Mets majority owner Fred Wilpon said his oft-injured, but still immensely talented, Jose Reyes isn't worth Carl Crawford money last week. He was apparently ignoring the fact that Carl Crawford isn't worth Carl Crawford money.
But Crawford got it, to the tune of six years and $142 million. What would a productive Crawford who can play shortstop at the age of 27 (not 29) be worth?
Maybe Wilpon was suggesting Reyes is worth more. Wilpon is perhaps right: No one is worth Crawford money. If there is anyone that could get it with his play this season, though, it would be Reyes -- not even Albert Pujols.
Crawford, until a hot streak highlighted by a number of walk-off hits, wasn't worth anything. He is hitting just .236 with four homers, 21 RBI, 25 runs, seven steals, a .272 on-base percentage and .370 slugging percentage. And those numbers are enhanced by a May run of .311-3-15-19-3 (.336-.500) and a Fantasy Week 8 (May 23-29) run of .423-3-8-9-1 (.464-1.000).
Crawford was the most productive hitter in standard points leagues last week. Maybe he read Wilpon's comments the
Reyes hasn't shown any discontent for the comments about his injury history and his worth. He has just shown he is the most valuable player in fantasy not named Jose
Reyes (.335-1-17-36-19, .382-.493) is enjoying a career season in a contract year. Only Bautista, Ryan Braun and Curtis Granderson have more fantasy points among hitters to date. Reyes might have only one homer amid a pace that has him on verge of career bests across the board, but he is the gem of Rotisserie, leading the league with 19 steals.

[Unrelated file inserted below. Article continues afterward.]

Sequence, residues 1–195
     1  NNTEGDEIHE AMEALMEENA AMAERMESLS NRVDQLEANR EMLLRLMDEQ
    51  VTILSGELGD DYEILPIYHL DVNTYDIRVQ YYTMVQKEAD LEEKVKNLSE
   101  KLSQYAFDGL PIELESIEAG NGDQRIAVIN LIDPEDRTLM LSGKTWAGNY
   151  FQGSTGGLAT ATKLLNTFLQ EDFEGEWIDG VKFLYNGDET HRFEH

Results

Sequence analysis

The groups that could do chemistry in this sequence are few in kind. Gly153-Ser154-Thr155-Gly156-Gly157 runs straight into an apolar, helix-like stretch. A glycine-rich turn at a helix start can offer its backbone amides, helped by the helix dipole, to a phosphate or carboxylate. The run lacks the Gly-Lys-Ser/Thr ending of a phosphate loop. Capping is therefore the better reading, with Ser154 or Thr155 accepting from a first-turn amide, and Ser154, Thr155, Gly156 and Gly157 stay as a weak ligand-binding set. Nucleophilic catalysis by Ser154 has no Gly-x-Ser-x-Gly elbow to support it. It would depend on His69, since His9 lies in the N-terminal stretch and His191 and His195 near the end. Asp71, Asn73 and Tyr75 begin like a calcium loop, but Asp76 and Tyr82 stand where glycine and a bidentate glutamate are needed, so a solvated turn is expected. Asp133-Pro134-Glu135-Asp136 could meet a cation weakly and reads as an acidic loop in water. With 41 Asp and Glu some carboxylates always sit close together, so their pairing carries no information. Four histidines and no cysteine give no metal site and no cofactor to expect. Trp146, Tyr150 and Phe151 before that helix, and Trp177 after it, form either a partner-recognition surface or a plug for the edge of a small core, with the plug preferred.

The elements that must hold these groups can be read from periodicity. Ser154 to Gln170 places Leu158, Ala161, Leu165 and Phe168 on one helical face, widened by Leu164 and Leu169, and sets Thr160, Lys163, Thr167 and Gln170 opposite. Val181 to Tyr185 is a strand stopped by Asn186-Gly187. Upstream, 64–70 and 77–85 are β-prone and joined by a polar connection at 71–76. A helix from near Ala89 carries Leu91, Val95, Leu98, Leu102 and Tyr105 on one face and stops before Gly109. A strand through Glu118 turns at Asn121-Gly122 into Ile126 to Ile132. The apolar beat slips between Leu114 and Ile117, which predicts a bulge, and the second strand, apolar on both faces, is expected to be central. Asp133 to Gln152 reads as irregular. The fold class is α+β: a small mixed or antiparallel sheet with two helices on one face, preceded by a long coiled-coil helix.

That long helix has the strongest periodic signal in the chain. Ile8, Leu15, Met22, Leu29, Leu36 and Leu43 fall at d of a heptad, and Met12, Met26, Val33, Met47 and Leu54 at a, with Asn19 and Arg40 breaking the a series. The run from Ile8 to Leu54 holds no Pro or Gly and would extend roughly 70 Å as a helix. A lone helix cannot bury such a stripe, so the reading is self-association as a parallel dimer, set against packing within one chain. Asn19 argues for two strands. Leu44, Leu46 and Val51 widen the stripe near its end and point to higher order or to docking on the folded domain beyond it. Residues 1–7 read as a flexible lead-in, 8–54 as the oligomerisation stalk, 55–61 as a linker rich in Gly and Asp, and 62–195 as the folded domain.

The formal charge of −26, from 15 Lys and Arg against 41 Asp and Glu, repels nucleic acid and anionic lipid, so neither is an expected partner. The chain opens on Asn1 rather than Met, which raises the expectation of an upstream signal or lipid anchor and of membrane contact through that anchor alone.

Reyes is a shortstop and the most productive one in fantasy, regardless of the format. He might be the most valuable player, regardless of where he winds up after the trade deadline. As long as injury doesn't find him, he is worth his freight in gold in fantasy.
Wilpon might have accidentally made his franchise more valuable by disparaging the one thing it has going for it right now.
My preseason prediction that Yovani Gallardo would beat out a Phillies starter for a Cy Young award looked a bit ridiculous in early May. It doesn't now. Gallardo has won five consecutive starts and has a 1.29 ERA in that span. Hopefully you aren't one of those unfortunate souls who gave up on him. He is especially tough at home (5-0 in seven starts), along with any Brewer.
1. C Jonathan Lucroy, MIL
The Brewers look like they have found their long-term solution at catcher, even if this run by Lucroy is a temporary thing. Lucroy is good enough to use in any league as a stopgap. It will be likely he winds up as a fringe option in mixed formats, though. Morse is back on a hot run, while Bedard looks like he is rejuvenated -- for as long as his should can hold up. Blackburn is hot and a nice two-start sleeper this week and Vogelsong is a surprise that has added value because he is relief eligible in some formats.
1. SP Jorge De La Rosa, COL
Volquez might not be a popular person in Cincy after calling out one of the best offenses in the NL before getting his demotion, but he is going to remain a popular player in fantasy. He was dominant in his Triple-A start Saturday, making a quick return possible, if not likely. He could replace Bailey or Mike Leake in another week or so. Bailey is back on the DL with a shoulder issue, officially turning his stigma from disappointing prospect to an injury-prone one. De La Rosa (Tommy John elbow surgery) and Posey (ankle surgery) are out for the season and part of next, making them easy cuts. Vargas' two-start week was an unmitigated disaster, so that is going to sting fantasy owners the next time he is hot going into a two-start week.
1. OF Corey Patterson, TOR
Holliday (shoulder), Hart (illness) and Jones (shoulder) are question marks going into the week, but they should be fine. Jones is the least useful. Nicasio, Cobb, Lyles and Young get call ups before June 1 and could prove worthy of a waiver claim in mixed fantasy leagues. Patterson, Guthrie and Morse have gotten hot enough to consider stopgaps in mixed formats right now, too.